• Consider movies and theatrical tie-ins: Reading a book and then going to see the movie is a popular idea for reading groups because it provides instant comparisons—and often, lively debate. Reading a play and then going to see the live performance is another great way of comparing the ways a story is treated in two artistic mediums. Check your local listings for events in your area—on-screen or onstage—that you can pair with a book your group can read.
  • Plan questions and discussion topics ahead of time: Your reading group’s discussion will be enhanced if you have questions or discussion topics prepared ahead of time. Some reading group members across North America have some wonderful ideas of their own to share. Nancy H. of Champaign, Illinois, suggests: “Have members make note of questions and observations on an index card while they are reading the book.” Debi A. of Brighton, Michigan says of her reading group: “We do not focus on whether we like a book or not. It’s about whether you got something out of it. We go around the room when we start and have everyone answer a question to get the conversation started. It guarantees that everyone gets an opportunity to speak.” From Indianapolis, Indiana, Mary F. advises: “I think it is a good idea to stress the importance of marking passages and taking notes as you read the book—hopefully with the discussion questions already in mind. It is easy to forget things about the book if you haven’t taken notes. Also, it’s fun to hear other people’s favorite passages—how they responded to them and why.” Jane C. of Collingwood, Ontario suggests: “Handing out the questions prior to reading the book and the discussion is most helpful in promoting more thoughtful, insightful discussion.”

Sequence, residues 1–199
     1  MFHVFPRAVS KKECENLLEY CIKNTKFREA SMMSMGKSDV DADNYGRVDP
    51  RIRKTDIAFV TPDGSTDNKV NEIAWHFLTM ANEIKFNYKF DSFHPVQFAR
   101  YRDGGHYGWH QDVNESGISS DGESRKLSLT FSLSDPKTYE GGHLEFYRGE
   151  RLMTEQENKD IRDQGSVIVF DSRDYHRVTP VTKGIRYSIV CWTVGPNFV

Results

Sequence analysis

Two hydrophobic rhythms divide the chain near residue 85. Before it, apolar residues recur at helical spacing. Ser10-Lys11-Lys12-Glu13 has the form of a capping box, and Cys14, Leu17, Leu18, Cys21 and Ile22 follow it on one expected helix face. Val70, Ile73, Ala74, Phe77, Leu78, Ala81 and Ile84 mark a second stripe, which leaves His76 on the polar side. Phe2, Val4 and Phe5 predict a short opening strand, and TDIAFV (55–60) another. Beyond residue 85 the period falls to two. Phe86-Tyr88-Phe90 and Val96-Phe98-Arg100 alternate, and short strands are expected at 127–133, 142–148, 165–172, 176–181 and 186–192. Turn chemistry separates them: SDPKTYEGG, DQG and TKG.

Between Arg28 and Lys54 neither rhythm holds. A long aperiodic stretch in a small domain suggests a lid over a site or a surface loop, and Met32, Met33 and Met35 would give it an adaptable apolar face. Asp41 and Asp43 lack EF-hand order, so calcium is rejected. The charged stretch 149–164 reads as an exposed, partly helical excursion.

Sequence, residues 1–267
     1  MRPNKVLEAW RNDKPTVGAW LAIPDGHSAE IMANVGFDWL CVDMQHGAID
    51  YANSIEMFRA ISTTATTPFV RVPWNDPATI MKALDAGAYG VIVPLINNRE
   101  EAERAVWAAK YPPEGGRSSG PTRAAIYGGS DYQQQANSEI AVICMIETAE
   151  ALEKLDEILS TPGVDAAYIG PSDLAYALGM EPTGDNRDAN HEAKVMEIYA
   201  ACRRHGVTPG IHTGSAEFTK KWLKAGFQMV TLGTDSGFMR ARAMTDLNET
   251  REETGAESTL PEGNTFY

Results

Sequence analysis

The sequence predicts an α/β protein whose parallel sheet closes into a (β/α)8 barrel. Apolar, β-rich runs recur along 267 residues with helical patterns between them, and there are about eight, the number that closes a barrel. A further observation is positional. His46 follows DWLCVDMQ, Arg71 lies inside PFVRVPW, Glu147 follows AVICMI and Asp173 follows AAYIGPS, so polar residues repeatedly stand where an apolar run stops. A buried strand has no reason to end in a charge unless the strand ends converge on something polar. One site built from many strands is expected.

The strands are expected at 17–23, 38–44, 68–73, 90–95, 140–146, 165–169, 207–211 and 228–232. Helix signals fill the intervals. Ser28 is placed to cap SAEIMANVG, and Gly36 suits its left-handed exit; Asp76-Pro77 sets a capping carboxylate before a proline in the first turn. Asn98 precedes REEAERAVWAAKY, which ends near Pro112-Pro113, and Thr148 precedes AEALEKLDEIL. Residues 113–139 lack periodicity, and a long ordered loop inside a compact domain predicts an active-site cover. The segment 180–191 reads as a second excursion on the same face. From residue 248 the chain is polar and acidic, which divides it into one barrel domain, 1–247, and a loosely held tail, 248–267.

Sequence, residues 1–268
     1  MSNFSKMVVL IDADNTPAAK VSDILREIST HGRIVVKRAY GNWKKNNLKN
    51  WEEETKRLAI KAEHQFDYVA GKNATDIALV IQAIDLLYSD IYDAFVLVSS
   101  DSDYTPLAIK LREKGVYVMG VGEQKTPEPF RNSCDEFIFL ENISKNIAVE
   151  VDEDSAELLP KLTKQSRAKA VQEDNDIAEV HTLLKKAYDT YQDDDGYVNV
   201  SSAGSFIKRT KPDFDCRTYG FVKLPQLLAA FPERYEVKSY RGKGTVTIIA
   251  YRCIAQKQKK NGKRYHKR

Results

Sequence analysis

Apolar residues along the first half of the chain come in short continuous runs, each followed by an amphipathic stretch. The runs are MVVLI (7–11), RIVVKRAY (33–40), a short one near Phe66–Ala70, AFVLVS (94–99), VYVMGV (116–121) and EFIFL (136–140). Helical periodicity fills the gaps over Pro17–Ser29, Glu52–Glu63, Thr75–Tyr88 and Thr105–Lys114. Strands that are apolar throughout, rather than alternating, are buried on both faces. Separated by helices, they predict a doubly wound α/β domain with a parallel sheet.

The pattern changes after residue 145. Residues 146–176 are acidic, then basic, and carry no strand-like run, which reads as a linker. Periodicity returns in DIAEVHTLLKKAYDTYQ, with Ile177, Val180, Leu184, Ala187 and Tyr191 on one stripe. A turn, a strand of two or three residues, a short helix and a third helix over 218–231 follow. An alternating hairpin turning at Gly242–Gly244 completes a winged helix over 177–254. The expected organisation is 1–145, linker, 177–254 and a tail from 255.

• Track your reading list: Keep a book log to record which books your group has read for reference, and if you like to, record the reactions of different members in your group to each selection.
  • Try some seasonal reading: Whether your group is reading love stories around Valentine’s Day, romance novels on the beach during the summer, or mysteries and thrillers around Halloween, try drawing inspiration from the season when it comes to choosing a book with your group. Erin B. of Rock Island, Illinois shares a holiday tradition from her reading group: “At Christmas we draw names and buy a book for that person that we think they would enjoy but not buy for themselves. Then we report on our books in January. It’s fun, and we find great books we might not have found!”
  • Add a culinary treat: Connecting food and drink with your book club reading is a great way to spice up a meeting. Mary F. of Saunderstown, Rhode Island shares from her reading group: “We pick one book each year that can be associated with a type of food (Under the Tuscan Sun by Frances Mayes, A Year in Provence by Peter Mayle) and have a dinner with that theme. Each member brings part of the dinner.” Food themes are obvious when there is food in the book but sometimes it is just the culture or setting that brings food to the table. Your group could even choose a cookbook as your read for the month and have everyone make one recipe from it for your meeting.